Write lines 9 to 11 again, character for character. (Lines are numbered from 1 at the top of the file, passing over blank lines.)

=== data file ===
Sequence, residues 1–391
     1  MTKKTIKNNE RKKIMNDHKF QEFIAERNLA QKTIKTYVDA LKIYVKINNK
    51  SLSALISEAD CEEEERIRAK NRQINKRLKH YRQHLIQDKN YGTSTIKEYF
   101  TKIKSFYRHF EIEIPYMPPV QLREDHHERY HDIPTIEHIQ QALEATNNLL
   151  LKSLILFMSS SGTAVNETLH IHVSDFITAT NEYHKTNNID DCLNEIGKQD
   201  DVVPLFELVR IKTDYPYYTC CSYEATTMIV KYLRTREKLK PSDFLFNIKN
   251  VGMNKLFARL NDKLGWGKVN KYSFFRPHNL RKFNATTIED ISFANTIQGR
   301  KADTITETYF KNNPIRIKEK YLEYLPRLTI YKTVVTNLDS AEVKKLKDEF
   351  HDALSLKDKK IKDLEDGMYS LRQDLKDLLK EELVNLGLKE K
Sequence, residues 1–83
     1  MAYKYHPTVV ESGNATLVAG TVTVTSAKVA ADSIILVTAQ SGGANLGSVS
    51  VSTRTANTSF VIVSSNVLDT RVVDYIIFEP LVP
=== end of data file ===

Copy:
   351  HDALSLKDKK IKDLEDGMYS LRQDLKDLLK EELVNLGLKE K
Sequence, residues 1–83
     1  MAYKYHPTVV ESGNATLVAG TVTVTSAKVA ADSIILVTAQ SGGANLGSVS